Reducing Conflict in Relationships

There are several things we can do to help reduce conflict in our relationships.  Here are just a few of them.

  1. Get in touch with your feelings

An important component of conflict resolution involves only you- knowing how you feel and why you feel that way.  It may seem obvious to you what your feelings are, but this isn’t always the case.  Sometimes we have feelings, but don’t know where they came from.  Other times, we feel that the other person isn’t doing what they “should” and we aren’t aware of what we want from them, or if it’s even reasonable.  Journaling or mediating are a couple of ways to help get in touch with our feelings.

  1. Hone your listening skills

How effectively we listen is at least as important as how we express ourselves.  It is important to understand the other person’s perspective, rather than just our own.  Sometimes just helping the other person feel heard and understood is the key to resolving a conflict. Unfortunately, active listening is a skill that not everyone possesses. It’s common for people to think they are listening when they are actually thinking of their response.  In a conversation, we are often thinking of ways to justify and become defensive instead of hearing the other person’s point of view.  Reflecting back what the other person said is a good way to practice your listening skills and making sure you understand what is being said.

  1. Practice assertive communication

Communicating your needs and feeling clearly is an important aspect of conflict resolution.  We want to avoid being passive or aggressive in our communication.  Saying things the wrong way or not saying anything at all is probably going to make the conflict worse.  Stating things in how you think or feel by using “I” statements is one way of being assertive.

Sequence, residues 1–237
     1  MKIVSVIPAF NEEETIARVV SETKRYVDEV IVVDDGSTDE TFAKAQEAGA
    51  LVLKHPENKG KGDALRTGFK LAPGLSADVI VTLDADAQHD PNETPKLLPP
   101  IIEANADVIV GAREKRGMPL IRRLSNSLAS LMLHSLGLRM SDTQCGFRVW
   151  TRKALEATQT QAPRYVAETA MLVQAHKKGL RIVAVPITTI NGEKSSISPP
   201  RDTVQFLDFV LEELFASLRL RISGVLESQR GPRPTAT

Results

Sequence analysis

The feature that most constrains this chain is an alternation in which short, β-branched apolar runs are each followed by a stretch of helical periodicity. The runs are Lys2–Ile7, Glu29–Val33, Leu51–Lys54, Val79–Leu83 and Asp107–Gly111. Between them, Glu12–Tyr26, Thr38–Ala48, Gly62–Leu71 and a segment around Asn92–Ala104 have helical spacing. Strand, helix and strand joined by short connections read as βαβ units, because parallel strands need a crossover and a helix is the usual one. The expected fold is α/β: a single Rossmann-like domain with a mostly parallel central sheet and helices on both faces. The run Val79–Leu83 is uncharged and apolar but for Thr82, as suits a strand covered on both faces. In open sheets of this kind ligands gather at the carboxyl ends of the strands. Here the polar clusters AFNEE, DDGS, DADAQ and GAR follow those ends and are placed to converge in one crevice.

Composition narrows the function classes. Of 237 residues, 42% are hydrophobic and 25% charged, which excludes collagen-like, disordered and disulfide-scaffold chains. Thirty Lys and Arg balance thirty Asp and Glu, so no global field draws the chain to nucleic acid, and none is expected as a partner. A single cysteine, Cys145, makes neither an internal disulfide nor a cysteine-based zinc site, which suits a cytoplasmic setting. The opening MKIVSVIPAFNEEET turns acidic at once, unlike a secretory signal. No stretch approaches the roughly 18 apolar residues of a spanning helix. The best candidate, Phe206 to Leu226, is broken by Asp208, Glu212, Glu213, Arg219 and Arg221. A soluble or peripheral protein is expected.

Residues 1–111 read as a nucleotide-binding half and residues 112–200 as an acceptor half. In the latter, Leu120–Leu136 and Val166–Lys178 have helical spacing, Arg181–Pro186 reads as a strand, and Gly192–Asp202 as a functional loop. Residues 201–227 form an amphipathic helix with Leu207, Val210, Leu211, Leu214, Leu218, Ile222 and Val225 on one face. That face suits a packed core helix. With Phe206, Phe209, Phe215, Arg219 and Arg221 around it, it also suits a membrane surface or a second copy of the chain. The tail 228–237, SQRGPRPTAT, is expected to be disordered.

1. Seek a solution

Once you understand where the other person is coming from and they understand your perspective it is time to find a resolution.  At times, after understanding each other’s perspective a simple and obvious answer arises. Other times a simple apology is needed if the conflict was based on a simple misunderstanding or lack of insight from the other person. Then there are the times when a little more work is needed.  When there is a conflict about an issue that neither person agrees, you have a few options: agree to disagree, find a compromise, or use your communication skills to find a solution in a way that is respectful to each other.

  1. Find ways to connect

Another way to reduce conflict is to stay connected with your partner.  Acknowledge your partner for something they contributed to the relationship.  Say positive statements to each other in the morning and right before you go to bed.  Stop taking each other for granted.  Show empathy by thinking before reacting.

  1. Know when it’s not working

Being in conflict can take a toll on a person; sometimes it is just best to put some distance in the relationship or take a time out.  In cases of abuse, conflict resolution techniques only go so far and personal safety needs to be a priority.  When dealing with difficult people, adding a few boundaries and accepting the other’s limitations can bring peace.  Only you can decide if a relationship can be improved or if you should let it go.

Conflict is unavoidable in relationships.  If you need assistance helping to work through or decide what to do with your conflict the counselors at KeySolutions EAP are here to help. Give us a call at 605-334-5850.

 

Ideas for this article were found in the following resources:

Conflict Resolution Skills for Healthy Relationships” by Elizabeth Scott, MS

Relationship and Stress” by Phyllis R Koch-Sheras, PhD and Peter L. Sheras , PhD, ABPP

Tips to Keep Your Relationship in Full Bloom” by www.GoodTherapy.org

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